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The first question Sam Zell asks when someone offers up an investment opportunity is “Where’s the demand?” he explained at the 62nd CFA Institute Annual Financial Analysts Seminar.
“Opportunities are completely connected to demand,” he told moderator Sameer S. Somal, CFA. “I’m a student of demand and when demand is there, I look at the cost of fulfillment.”
The fundamental law of supply and demand is one of Zell’s governing principles in his investment decisions, whether he’s looking at commercial real estate, asset-intensive industries like oil and gas, or manufacturing in developed or emerging markets.
He keeps an eye out for supply-and-demand imbalances and likes situations where supply is shrinking or nonexistent. In his recent book, Am I Being Too Subtle? he says that “much of my career has been about understanding and acting on this basic tenet.”
A voracious reader, Zell studies the macroeconomy as well as individual businesses. Today his biggest worry about where global economic growth is headed is the overall lack of demand. “If there is a worldwide shortage or crisis, it is a shortage of demand,” he said.
Excess Supply: US Commercial Real Estate Markets
Well known for his successful commercial real estate (CRE) ventures, Zell told the audience that after the financial crisis, real estate markets seized up and despite low interest rates, industry participants stayed on the sidelines. Then, two or three years into the recovery, everyone started building at the same time, leading to the excess supply scenario we have across nearly all CRE sectors in the United States today.
“Last year, I was saying that the CRE industry was relatively benign and supply and demand was in balance,” he said. “In the last 18 months, however, there has been an enormous increase in supply.”
Zell is concerned about oversupply in nearly every segment of the real estate market.
Growth in multifamily residential units is at an all-time high, he observed, with 380,000 being added in 2017 — a pace not seen since 1972, a time when the sector was the only game in town.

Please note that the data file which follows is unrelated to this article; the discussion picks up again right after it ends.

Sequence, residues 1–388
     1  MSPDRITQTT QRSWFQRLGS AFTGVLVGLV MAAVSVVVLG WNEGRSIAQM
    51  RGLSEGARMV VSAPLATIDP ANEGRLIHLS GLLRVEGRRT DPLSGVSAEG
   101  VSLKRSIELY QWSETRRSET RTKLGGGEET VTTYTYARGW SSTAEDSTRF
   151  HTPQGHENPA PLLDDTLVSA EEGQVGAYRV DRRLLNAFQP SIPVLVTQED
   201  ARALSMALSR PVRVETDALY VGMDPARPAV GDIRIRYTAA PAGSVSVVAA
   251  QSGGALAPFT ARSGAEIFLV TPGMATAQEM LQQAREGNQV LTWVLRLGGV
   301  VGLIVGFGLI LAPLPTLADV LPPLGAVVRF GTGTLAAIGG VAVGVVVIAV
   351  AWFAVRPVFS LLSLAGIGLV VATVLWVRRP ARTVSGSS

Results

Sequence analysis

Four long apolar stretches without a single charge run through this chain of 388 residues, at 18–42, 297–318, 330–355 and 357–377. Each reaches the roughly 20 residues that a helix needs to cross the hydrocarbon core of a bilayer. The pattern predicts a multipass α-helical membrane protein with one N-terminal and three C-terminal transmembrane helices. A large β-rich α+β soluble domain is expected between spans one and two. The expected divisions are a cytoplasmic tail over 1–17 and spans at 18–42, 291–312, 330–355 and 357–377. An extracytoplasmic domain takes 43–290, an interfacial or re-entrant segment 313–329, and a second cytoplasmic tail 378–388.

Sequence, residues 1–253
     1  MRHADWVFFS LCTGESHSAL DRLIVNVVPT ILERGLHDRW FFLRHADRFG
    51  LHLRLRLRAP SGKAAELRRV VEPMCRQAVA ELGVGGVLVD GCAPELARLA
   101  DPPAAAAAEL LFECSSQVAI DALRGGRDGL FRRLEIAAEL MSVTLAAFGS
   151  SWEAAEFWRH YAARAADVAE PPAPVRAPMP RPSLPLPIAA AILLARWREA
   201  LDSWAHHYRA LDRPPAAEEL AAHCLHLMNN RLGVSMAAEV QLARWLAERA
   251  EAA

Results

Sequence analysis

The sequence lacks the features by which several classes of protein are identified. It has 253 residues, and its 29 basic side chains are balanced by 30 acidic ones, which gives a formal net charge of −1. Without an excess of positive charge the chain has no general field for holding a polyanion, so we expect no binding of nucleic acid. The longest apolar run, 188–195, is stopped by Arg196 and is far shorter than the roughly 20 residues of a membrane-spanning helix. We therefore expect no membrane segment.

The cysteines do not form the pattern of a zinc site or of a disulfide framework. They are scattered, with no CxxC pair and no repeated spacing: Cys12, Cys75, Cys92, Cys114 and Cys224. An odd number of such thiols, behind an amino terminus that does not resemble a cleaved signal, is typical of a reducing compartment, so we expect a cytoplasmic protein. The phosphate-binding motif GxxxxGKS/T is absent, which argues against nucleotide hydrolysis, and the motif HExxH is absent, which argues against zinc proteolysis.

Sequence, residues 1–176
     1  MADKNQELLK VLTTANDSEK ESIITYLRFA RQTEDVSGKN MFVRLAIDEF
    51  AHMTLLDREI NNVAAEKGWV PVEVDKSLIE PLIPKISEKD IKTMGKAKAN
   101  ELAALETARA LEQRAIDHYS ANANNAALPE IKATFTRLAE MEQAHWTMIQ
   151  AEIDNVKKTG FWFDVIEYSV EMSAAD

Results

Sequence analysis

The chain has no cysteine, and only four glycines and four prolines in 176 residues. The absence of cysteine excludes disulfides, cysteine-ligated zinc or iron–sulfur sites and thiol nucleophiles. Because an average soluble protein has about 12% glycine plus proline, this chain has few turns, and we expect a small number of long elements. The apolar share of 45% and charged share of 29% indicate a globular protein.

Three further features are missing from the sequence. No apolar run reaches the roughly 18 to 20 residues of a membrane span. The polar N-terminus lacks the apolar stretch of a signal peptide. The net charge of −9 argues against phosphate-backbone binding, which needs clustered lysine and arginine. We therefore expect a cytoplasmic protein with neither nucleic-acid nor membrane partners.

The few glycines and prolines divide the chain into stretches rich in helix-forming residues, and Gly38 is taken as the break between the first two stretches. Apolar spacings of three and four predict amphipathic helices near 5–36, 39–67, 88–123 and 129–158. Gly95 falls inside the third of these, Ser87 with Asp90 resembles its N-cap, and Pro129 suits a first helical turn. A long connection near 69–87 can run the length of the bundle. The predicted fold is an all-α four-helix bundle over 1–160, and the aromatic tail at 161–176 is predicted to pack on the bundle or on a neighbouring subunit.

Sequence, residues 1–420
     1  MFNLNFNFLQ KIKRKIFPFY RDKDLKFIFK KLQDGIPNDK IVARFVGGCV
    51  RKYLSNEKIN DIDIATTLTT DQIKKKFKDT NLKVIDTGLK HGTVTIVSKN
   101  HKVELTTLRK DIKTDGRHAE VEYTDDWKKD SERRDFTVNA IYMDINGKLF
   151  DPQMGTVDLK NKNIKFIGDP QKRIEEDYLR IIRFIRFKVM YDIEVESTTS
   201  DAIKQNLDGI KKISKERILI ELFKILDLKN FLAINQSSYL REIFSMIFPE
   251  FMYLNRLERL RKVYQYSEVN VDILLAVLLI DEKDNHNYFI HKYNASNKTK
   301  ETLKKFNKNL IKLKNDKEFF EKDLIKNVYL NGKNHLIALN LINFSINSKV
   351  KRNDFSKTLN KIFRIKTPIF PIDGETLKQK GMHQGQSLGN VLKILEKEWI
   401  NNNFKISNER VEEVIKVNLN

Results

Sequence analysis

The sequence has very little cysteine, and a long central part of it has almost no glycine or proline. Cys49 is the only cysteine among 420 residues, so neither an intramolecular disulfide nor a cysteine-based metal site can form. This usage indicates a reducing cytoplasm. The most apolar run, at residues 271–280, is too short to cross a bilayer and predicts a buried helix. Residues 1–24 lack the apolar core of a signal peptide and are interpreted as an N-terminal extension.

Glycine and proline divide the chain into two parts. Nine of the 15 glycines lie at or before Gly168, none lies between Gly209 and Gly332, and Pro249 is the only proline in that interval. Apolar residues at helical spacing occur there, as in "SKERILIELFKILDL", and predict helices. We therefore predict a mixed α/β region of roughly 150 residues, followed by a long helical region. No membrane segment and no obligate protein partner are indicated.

Office space supply is rising when occupancy rates are on the decline. Due to secular shifts in the way we work — towards higher density workspaces and more efficient use of space — occupancy has fallen from 240 square feet per employee to 180 square feet, maybe less.
“We are behind the rest of the world in terms of adapting to shrinking office space,” he said.
Zell says retail space has a difficult road ahead given excessive supply, though he believes there will always be room for brick and mortar. “Only the very top-end malls and the very bottom ones are doing okay,” he said. “Anything in between is obsolete.”
Hotels in major cities like New York and Chicago are overbuilt by about 20%, he said. The only segment that has an appeal from a supply-and-demand perspective is mobile homes because of how difficult it is to obtain park permits and because of the “not in my backyard” (NIMBY) stigma associated with them.
On housing, Zell noted that the delay of marriage is the single largest demographic trend that is transforming the market. “Just like Levittown and suburbia grew up after World War II, now we’re replacing suburbia with 24/7 cities,” he said.
This has had a negative effect on bedroom communities, starting with the upper end. “Just look at places like Greenwich where mansions are just sitting without buyers,” he said.